The pipeline is important to China’s energy security.  Once completed, China expects that 70%-80% of its oil imports from the Middle East and Africa can be diverted from passage through the Strait of Malacca, with a significant saving in both time and cost,[12] and also allaying China’s fears of a blockades and piracy that would deprive it of vital oil and gas imports.


Questions –

Where does my supply chain intersect with China’s “Belt and Road” transportation network?

What about my supplier’s supply chain?

Can China’s monopoly power increase transportation times in my supply chain?

Can China’s monopoly power increase transportation costs in my supply chain?


BRI Blog next Monday will be:

Bangladesh-China-India-Myanmar Economic Corridor


There is a wealth of information in the end notes to each Blog article.  Click the URLs to bring the sources onto your computer screen for review.

[1] AsiaNews.   “Kashgar-Gwadar railway line would give Beijing a window on the Persian Gulf.   12 July 2010.

[2] Shahani, Imran.  “Gwadar vs Chabahar—Op Ed.” Eurasia Review. 9 February 2018.

[3] The News/Reuters. “China  lavishes aid on Pakistan’s Gwadar.”   17 December 2017.      

[4] Shah, Saeed and Bill Spindle.  “U.S. Seeks to Avoid a Pakistan Bailout That Would Repay China.”  The Wall Street Journal.  31 July 2018.,

[5]Bennett, Mia.  “Will All Roads Lead to China ?” The Maritime Executive.   3 December 2017.

[6] Shahani, ImranOp. cit.

[7] Thorne, Devin and Ben Spevack.   C4ADS. “Harbored Ambitions.  How China’s Port Investments Are Strategically Re-Shaping the Indo-Pacific.“ 2017.  p. 35.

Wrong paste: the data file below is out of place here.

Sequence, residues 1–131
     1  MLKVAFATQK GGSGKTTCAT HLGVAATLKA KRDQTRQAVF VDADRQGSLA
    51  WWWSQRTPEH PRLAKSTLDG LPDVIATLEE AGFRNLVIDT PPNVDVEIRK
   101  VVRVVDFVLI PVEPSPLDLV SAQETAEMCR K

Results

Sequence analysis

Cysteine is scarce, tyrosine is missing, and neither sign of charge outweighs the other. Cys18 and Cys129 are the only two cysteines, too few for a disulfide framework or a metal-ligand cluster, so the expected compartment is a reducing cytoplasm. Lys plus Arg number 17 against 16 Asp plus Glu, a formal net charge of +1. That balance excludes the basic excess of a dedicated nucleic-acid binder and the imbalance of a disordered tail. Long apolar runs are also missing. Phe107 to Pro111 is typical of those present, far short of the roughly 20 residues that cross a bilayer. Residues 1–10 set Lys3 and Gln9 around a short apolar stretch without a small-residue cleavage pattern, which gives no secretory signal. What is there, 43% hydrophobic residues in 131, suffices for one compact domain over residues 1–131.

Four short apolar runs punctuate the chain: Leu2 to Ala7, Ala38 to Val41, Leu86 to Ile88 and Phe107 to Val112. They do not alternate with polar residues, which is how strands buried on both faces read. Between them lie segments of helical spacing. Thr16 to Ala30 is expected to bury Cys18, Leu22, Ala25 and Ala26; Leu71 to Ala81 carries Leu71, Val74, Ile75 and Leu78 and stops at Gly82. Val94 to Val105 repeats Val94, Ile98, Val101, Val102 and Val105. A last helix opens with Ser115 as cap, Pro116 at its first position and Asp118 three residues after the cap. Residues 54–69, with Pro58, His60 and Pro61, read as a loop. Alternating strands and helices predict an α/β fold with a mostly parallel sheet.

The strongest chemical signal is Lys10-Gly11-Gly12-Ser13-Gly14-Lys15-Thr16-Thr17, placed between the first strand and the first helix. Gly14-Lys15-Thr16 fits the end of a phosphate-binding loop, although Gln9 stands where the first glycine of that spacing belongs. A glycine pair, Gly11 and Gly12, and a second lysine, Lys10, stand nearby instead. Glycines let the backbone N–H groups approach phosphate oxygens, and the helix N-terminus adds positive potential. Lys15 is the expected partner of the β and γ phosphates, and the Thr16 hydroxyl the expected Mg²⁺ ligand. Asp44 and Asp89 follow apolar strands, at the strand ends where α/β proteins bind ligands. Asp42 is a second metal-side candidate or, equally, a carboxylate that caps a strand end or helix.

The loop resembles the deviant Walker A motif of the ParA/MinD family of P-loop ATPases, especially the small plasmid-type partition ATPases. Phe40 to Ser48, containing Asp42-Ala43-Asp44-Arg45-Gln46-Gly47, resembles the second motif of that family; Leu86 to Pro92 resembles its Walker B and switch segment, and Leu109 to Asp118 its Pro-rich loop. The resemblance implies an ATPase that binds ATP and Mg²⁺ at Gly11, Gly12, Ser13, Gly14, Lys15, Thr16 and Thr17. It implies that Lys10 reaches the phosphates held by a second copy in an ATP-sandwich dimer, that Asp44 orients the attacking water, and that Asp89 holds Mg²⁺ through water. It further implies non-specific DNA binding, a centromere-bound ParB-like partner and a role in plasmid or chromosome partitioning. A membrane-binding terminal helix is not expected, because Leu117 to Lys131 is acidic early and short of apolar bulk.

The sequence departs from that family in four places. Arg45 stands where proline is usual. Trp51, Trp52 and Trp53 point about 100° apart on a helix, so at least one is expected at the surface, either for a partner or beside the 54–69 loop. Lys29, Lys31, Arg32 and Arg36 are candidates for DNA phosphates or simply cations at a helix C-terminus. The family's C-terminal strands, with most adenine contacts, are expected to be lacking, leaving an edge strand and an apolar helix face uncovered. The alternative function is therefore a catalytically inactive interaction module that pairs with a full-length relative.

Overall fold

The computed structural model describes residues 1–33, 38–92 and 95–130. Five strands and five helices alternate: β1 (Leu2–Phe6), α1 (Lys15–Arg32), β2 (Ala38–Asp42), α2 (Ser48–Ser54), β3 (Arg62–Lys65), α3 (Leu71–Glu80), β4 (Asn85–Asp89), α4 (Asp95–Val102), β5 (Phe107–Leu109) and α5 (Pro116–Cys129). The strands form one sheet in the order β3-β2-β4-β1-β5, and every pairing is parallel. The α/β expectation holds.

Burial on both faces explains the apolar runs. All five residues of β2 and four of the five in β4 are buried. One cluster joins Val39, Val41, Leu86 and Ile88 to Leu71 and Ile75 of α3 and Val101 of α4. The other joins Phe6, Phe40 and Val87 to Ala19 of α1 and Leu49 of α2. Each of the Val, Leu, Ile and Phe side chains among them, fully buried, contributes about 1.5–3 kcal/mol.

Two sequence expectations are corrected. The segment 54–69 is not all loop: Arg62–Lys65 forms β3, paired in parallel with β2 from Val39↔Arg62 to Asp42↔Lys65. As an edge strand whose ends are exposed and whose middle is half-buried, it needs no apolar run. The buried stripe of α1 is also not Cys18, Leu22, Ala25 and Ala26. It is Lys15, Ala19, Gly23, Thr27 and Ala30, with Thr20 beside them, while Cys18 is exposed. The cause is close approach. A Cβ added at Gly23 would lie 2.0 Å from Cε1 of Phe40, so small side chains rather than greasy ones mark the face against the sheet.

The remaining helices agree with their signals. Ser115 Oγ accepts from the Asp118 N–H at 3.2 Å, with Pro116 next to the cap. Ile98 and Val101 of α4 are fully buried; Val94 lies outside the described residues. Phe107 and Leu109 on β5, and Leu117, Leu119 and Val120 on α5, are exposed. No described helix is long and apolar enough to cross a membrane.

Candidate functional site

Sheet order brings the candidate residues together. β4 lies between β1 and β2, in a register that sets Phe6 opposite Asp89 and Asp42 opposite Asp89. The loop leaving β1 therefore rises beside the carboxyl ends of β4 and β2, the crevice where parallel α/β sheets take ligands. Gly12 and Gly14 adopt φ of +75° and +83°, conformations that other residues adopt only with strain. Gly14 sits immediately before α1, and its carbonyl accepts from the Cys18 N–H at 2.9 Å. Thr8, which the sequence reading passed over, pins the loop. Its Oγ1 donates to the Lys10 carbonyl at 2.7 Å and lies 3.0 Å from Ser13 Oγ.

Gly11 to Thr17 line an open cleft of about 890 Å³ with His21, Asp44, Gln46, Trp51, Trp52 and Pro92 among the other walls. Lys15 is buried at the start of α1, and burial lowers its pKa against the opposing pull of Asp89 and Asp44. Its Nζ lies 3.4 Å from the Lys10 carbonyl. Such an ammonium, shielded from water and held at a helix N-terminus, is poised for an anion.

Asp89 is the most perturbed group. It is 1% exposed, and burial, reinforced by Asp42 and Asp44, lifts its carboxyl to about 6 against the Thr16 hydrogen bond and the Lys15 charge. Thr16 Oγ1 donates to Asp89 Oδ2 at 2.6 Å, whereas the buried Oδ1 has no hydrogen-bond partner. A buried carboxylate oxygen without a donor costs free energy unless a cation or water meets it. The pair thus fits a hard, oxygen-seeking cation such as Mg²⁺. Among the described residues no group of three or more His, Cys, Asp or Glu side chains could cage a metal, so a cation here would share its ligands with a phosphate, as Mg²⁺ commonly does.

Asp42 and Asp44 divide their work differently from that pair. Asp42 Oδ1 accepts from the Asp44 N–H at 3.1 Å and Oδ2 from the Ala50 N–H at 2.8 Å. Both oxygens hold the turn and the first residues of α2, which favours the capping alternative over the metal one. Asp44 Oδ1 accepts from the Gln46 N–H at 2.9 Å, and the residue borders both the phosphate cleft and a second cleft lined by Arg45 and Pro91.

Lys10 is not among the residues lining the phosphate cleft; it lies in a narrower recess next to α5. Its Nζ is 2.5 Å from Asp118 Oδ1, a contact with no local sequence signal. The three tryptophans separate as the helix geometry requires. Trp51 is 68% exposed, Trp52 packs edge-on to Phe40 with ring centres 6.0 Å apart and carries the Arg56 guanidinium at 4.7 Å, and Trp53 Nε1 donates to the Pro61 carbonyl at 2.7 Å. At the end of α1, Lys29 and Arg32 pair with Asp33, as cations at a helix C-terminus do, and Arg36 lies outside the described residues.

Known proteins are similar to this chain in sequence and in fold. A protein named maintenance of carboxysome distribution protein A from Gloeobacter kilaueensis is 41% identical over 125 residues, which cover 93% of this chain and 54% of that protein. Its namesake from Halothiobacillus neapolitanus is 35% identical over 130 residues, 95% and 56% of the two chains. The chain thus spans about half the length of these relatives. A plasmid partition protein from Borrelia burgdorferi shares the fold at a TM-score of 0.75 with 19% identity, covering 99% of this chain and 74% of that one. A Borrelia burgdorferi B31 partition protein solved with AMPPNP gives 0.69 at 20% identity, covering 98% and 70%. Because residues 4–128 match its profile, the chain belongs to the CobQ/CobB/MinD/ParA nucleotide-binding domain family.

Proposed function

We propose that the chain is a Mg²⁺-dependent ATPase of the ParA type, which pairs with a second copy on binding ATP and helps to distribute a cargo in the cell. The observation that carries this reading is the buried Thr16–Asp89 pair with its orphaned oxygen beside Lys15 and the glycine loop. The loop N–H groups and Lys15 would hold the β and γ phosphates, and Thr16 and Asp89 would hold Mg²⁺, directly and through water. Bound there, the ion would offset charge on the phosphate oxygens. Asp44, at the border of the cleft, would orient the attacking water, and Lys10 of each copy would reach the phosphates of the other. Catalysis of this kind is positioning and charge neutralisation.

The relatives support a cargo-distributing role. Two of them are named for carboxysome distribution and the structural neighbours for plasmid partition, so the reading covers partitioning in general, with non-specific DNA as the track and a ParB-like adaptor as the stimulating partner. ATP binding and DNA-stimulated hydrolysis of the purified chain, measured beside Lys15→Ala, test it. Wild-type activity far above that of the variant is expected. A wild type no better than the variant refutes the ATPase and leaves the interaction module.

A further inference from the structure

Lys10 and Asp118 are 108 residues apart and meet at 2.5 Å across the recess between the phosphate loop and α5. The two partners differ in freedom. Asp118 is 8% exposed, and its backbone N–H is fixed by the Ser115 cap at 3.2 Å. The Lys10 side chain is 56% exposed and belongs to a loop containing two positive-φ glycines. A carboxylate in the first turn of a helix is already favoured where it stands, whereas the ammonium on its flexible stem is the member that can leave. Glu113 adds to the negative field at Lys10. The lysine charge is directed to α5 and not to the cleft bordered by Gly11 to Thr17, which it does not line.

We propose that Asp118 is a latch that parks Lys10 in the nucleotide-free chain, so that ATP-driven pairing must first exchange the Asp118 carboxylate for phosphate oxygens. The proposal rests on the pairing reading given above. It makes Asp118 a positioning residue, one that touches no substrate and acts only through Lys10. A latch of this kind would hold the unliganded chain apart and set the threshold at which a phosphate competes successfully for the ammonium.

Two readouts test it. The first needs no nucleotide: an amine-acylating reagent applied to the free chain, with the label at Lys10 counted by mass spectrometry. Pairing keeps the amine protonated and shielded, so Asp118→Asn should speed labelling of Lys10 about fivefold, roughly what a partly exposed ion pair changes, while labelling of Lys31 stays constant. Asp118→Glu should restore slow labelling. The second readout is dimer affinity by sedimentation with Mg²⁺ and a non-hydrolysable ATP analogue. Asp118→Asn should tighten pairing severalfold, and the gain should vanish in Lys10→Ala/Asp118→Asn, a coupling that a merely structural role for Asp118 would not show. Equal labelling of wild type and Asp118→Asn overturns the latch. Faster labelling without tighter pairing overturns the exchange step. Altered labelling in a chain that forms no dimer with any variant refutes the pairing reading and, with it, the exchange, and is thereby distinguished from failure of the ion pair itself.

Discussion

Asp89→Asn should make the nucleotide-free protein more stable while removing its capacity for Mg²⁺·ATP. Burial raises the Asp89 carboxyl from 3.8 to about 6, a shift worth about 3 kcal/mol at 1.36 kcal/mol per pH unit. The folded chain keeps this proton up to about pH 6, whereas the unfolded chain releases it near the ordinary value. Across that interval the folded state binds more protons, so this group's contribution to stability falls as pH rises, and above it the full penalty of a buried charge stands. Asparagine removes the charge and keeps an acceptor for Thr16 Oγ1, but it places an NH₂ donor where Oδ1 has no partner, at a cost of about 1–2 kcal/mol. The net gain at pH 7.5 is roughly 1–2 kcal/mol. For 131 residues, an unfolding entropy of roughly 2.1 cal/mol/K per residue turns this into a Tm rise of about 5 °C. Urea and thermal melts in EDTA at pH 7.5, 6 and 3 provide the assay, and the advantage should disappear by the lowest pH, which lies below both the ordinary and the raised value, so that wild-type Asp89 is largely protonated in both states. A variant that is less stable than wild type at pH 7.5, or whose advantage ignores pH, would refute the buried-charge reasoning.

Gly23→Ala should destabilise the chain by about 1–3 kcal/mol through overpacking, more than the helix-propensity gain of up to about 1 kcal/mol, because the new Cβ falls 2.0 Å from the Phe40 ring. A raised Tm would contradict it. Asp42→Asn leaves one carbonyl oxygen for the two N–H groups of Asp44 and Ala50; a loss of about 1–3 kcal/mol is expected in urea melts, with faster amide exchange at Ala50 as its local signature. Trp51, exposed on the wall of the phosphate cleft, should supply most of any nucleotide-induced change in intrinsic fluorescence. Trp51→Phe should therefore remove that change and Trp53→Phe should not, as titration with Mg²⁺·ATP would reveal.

[8] AsiaNews.   “Kashgar-Gwadar railway line would give Beijing a window on the Persian Gulf.   12 July 2010.

[9] Page, Jeremy and Saeed Shah. Op,cit

[10] Herberg, Mikkal E.  “Introduction:  Asia’s Energy Security and China’s Belt and Road Initiative.” In Asia’s Energy Security and China’s Belt and Road Initiative.   National Bureau of Asian Research.  NBR Special Report #68.  November 2017.

[11] Kugelman, Michael.  “The China-Pakistan Economic Corridor: What It Is, How It Is Perceived, and Implications for Energy Geopolitics.”  Hong Kong Trade and Development Council.  8 May 2018.

[12] Travel China Guide. Accessed 31 May 2018


© Shirley M. Loveless, Ph.D. 2018

Dr. Loveless is a consultant, author, and educator in transportation systems, supply chain risk analysis, emergency management, and economic development.  She is a Member of the Transportation Research Board of the National Academies of Sciences, Engineering and Medicine, and an appointed member of several TRB Standing Committees.  She works with RAAD360 LLC as a supply chain transportation consultant.